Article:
No approvals?

Bearing out Fleuret’s analysis, Euronews hasn’t identified any major crypto players that have definitely been approved under MiCA.

Back in April, Paolo Ardoino, CEO of stablecoin issuer Tether, said he was “still discussing with the regulator” his concerns over the law. Circle, whose euro-backed stablecoin seems intended for EU users, announced last year that it had applied for a MiCA license.

With one week to go, neither company has publicly announced they’ve secured regulatory approval; neither responded to Euronews’ request for comment.

Both Markezic and Fleuret are still positive about some aspects of MiCA, which in particular will let crypto businesses operate across Europe with a more-or-less clear framework.

But Fleuret worries the law isn’t adapted for the smaller players that tend to dominate the space.

“The problem of MiCA is that it is not proportionate,” she said. “If you are a startup that tries to launch market activity right now, you would have to apply the same rules as Societe Generale,” a French bank that’s also venturing into financial-technology.

And, for all the EU’s bluster about promoting innovation, the tough hurdles seem like a feature rather than a bug.

Big tech fears

Those crafting MiCA were motivated partly by fears that Facebook might issue its own form of money, Libra, tied to a basket of major world currencies.

Finance ministers railed against the idea of a foreign big tech giant creating a currency that could supplant the euro.

Facebook’s project crumbled, not least due to the political backlash – but regulators’ fears were borne out in spring 2023, when Terra, a stablecoin that supposedly maintained its value with the US dollar, tumbled under market pressure, bringing much of the crypto ecosystem down with it.

The final version of MiCA imposes strict reserve requirements on stablecoins based on the euro, and a cap of a million daily transactions for others.

But that may run headfirst into existing arrangements, as operators don’t always monitor that information, Markezic says.

“Issuances are happening globally, and there was no system before for how to align or set up or look into ... how much is issued within a specific jurisdiction,” she said. “Sometimes the issuers do not know who is holding these tokens.”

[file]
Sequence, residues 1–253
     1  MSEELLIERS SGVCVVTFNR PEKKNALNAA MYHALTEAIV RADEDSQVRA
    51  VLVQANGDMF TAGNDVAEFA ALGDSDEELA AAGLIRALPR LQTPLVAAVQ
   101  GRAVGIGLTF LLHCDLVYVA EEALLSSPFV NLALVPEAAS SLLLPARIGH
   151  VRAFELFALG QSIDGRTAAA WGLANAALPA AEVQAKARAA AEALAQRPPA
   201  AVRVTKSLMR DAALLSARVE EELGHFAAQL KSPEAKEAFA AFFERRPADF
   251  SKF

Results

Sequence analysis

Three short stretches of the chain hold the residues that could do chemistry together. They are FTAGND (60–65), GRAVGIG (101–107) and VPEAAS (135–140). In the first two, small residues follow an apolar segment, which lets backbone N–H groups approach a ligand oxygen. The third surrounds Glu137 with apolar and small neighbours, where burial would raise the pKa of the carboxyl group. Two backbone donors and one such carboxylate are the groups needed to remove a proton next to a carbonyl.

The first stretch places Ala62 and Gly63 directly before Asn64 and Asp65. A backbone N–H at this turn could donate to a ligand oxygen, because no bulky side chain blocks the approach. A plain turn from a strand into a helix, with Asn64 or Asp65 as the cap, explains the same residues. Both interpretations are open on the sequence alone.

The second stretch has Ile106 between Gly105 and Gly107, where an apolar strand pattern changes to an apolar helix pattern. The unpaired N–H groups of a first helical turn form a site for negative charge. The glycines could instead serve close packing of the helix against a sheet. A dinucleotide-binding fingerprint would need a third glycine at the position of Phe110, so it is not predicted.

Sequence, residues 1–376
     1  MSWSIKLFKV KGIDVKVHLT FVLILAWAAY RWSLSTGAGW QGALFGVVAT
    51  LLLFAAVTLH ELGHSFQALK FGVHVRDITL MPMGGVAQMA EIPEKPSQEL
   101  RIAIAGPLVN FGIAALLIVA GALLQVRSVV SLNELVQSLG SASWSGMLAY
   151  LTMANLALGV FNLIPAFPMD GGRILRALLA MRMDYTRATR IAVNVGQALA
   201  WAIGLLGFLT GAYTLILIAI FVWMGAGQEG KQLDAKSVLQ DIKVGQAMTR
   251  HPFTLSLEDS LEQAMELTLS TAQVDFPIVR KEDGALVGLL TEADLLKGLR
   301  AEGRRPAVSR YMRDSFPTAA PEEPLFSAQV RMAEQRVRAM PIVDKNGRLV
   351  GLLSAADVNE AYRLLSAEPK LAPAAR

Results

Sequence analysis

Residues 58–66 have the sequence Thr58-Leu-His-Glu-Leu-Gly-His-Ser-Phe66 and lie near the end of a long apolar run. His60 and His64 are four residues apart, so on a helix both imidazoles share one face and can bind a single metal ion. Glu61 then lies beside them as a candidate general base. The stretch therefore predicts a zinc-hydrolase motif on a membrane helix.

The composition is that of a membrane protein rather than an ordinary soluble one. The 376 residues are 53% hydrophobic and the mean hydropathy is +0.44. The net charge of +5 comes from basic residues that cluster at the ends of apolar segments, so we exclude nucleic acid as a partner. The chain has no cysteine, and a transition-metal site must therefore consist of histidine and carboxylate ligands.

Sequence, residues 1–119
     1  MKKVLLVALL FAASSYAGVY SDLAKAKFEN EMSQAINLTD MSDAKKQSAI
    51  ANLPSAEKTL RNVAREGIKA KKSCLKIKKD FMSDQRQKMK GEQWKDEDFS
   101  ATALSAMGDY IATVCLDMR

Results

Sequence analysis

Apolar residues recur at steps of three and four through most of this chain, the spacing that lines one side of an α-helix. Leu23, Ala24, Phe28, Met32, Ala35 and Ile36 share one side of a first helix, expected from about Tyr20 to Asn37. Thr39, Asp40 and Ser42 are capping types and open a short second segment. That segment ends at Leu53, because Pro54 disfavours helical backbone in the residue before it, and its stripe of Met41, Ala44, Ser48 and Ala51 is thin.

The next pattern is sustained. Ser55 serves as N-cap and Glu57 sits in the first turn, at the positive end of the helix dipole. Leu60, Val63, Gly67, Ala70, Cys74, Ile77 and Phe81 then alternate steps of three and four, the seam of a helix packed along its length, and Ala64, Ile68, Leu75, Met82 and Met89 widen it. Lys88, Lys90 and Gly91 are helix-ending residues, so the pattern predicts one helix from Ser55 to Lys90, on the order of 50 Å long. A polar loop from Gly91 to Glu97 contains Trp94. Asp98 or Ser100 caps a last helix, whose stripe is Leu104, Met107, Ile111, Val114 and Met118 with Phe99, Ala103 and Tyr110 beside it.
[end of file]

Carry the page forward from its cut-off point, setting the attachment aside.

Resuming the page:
Tough few years

Crypto’s had a tough few years. After the Luna crash came a period of turbulence and regulatory backlash, and many of the industry’s figureheads are now in jail.

In the US, Sam Bankman-Fried was recently sentenced to 25 years after pleading not guilty to fraud and money laundering during his time running the doomed FTX crypto exchange.

Likewise Changpeng Zhao, Binance’s founder, was handed a four-month term after pleading guilty to money laundering.

All of that may have tarnished crypto’s reputation, but Markezic is confident that legal credibility could herald a new era.

Established providers such as banks “have been waiting for regulation”, she said, with a clear rulebook potentially bringing the technology out of its current, somewhat nerdy, niche.

“I think that we will speak less about the technology and less about stablecoins and ... more about the utility and what can it bring to the consumer,” she said. “There's many advantages when it comes to seamless transactions, 24/7 processes, and so on.”

But even she acknowledges there’ll be bumps in the road from today’s Wild West to mainstream credibility.

“A lot of companies will not have the capability of being compliant,” she said. "Very small startups and innovative companies will probably limit their activities in the EU.”